Reviews provided by Syndetics
Publishers Weekly Review
In her first children's book, cartoonist Libenson (The Pajama Diaries) offers strikingly different visions of seventh grade through two very dissimilar narrators. School is stressful for shy, quiet Emmie; Katie, meanwhile, is breezily popular, confident, and beautiful. With frizzy hair and hunched shoulders, Emmie shows up in tiny vignettes, sandwiched between blocks of text, that make her look as small and insignificant as she feels. Katie's chapters, by contrast, are big, splashy panels that reflect her outgoing personality ("I'm just your average teenage girl," she says after being offered movie roles and the crown of homecoming queen). Emmie and Katie share a crush on classmate Tyler, and when a sappy love note Emmie writes to Tyler as a joke is made public, Emmie is humiliated. Katie rises to her defense, but Emmie eventually learns to speak up for herself, realizing that embarrassment isn't the end of the world and being social isn't as impossible as she thought. A well-executed twist will have readers flipping back to see what they missed while cheering the strides made by Libenson's no-longer-invisible heroine. Ages 8-12. Agent: Daniel Lazar, Writers House. (May) © Copyright PWxyz, LLC. All rights reserved.
School Library Journal Review
Gr 5-8-Readers follow a day in the life of Emmie, a shy, quiet eighth grader, as she scrambles to finish her homework, dreads gym class, and navigates hallways full of gossipy girls and spitty boys. She copes by disappearing into her drawing notebook. Interspersed between the illustrated chapters are comics-style panels featuring Katie, a pretty, popular, friendly, confident girl also going through the same middle school day. In homeroom, she notices "that quiet girl. She likes to draw. I'd rather talk. Or text." To amuse themselves during lunch in the chaotic cafeteria, Emmie and her best (and only) friend Bri compose gushy love notes to their secret crushes. Inevitably, Emmie drops hers, and it is found and circulated by the obnoxious class clown. Following the discovery of the love note, Katie comes to Emmie's defense, comforts her, and encourages her to stand up for herself. Many readers will recognize themselves in Emmie and her friends, who are at once self-conscious and eager to be seen for who they are. VERDICT A highly relatable middle grade drama. Recommended for most collections.-Jennifer Costa, Cambridge Public Library, MA © Copyright 2017. Library Journals LLC, a wholly owned subsidiary of Media Source, Inc. No redistribution permitted.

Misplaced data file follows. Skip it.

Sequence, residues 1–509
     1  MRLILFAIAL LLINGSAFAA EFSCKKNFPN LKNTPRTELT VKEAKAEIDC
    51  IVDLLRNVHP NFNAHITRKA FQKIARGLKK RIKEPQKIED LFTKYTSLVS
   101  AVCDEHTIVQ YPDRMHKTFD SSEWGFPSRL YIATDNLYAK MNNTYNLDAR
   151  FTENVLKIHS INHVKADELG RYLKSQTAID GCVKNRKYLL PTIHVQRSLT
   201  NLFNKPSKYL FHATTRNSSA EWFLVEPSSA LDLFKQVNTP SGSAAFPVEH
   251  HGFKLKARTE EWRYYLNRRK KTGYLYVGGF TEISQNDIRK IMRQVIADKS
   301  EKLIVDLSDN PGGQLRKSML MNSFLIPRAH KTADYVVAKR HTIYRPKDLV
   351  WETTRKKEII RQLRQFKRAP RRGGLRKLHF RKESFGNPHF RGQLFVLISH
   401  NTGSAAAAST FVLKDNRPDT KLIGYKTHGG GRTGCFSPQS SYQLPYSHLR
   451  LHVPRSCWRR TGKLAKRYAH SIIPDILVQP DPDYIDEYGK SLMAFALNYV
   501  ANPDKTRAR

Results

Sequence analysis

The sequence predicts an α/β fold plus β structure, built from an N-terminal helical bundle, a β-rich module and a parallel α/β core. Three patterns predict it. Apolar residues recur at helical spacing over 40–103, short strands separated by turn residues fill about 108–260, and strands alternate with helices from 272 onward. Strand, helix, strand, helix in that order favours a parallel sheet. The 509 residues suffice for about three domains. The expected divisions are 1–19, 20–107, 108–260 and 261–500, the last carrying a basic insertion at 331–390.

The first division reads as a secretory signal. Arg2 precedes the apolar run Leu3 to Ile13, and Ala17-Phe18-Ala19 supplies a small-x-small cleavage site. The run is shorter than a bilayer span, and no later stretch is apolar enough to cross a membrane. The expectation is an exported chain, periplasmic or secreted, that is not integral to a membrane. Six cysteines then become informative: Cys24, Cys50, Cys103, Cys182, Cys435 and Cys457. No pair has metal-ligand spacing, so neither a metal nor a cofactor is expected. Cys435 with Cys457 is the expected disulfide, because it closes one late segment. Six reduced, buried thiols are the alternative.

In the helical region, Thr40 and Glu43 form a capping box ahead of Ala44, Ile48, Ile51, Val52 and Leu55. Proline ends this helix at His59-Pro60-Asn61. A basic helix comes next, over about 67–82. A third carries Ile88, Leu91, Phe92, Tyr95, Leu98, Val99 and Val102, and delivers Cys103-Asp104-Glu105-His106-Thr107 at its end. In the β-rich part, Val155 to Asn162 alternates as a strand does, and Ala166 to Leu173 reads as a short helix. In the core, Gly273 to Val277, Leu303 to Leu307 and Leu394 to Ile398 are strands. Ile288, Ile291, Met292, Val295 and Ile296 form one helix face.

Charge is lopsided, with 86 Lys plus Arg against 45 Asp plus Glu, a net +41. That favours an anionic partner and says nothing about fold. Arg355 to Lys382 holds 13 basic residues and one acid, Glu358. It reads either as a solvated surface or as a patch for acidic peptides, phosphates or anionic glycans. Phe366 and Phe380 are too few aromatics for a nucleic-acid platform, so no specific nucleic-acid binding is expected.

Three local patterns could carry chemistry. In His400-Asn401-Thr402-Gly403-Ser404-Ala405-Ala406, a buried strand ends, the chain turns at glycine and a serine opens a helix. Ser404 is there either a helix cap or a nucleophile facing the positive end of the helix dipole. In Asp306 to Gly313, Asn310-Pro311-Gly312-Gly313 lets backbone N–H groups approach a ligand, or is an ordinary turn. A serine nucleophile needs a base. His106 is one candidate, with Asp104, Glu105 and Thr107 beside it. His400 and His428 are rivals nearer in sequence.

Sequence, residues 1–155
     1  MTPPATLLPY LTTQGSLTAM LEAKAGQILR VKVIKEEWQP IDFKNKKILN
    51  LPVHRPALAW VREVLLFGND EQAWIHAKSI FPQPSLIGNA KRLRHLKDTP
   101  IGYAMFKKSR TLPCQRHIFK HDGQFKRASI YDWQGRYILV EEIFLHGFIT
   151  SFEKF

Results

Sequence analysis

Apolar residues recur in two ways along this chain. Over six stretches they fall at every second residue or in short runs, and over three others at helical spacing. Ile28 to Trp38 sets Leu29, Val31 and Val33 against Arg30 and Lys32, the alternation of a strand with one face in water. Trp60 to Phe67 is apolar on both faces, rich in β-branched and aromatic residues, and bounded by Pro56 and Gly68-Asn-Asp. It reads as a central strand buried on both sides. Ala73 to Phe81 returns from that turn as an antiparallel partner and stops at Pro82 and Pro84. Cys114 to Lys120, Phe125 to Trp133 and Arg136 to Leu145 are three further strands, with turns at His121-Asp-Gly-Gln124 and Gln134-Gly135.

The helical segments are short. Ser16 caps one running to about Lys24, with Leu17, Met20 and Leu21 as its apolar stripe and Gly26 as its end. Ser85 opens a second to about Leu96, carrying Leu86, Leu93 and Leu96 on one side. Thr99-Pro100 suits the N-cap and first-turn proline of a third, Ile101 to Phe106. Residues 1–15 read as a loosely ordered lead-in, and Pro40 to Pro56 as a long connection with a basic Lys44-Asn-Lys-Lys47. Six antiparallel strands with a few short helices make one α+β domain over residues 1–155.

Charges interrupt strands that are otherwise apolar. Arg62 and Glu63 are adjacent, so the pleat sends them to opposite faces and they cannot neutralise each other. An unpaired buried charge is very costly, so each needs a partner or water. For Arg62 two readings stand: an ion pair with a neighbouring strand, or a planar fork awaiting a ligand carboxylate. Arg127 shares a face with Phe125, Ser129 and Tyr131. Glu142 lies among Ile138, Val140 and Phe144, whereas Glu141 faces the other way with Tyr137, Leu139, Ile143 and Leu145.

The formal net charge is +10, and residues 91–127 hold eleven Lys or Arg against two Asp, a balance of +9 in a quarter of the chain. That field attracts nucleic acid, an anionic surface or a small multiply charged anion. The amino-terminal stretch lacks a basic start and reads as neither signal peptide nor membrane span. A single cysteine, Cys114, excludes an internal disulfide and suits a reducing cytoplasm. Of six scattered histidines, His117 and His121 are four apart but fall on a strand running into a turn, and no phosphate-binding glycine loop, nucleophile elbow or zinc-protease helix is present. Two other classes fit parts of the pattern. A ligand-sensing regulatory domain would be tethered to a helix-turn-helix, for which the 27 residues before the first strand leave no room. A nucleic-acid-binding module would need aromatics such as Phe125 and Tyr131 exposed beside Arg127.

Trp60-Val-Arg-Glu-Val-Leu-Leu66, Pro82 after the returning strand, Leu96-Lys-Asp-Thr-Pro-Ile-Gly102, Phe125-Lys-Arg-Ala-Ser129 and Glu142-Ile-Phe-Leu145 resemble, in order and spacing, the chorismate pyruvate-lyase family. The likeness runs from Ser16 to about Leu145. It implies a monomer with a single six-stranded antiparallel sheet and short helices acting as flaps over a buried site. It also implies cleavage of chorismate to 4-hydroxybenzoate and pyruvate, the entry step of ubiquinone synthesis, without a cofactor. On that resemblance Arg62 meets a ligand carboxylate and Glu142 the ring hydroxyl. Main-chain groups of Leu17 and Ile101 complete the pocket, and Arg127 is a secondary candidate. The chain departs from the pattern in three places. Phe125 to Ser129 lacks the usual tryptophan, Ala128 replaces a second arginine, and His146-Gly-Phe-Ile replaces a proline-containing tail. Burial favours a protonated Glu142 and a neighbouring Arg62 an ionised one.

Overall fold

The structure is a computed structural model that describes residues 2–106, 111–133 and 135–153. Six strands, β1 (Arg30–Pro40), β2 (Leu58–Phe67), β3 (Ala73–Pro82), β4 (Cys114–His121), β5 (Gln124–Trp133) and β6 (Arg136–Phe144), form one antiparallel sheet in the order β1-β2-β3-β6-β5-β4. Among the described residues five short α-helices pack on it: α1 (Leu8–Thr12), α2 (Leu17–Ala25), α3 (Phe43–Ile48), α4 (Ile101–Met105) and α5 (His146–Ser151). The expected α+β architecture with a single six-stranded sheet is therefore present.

If quiet seventh-grader Emmie could have her way, she'd draw all the time, hang out with her best friend Brianna, and otherwise keep to herself. Though things stay pretty quiet at home, middle school is another story, especially when a fake love note she wrote to her crush ends up in the hands of an obnoxious, gossipy classmate. Interspersed with Emmie's doodle-laden first-person narrative are comics about popular, athletic, and confident Katie, who has it all figured out. At first, the two narratives seem unrelated, but as the stories begin to intertwine and Emmie starts finding more confidence in spite of the love-note disaster, the connection between Emmie and Katie becomes crystal clear. Libenson's amiable illustrations from Emmie's snarky (though sometimes glib) cartoon commentary in subdued tones to Katie's brightly colored, picture-perfect comic book life add plenty of comical flavor to the relatable story. With all-too-familiar middle-school drama and an empowering lesson about speaking up and bravely facing down embarrassment, this should find an easy audience among fans of Wimpy Kid or Dork Diaries books.--Hunter, Sarah Copyright 2017 Booklist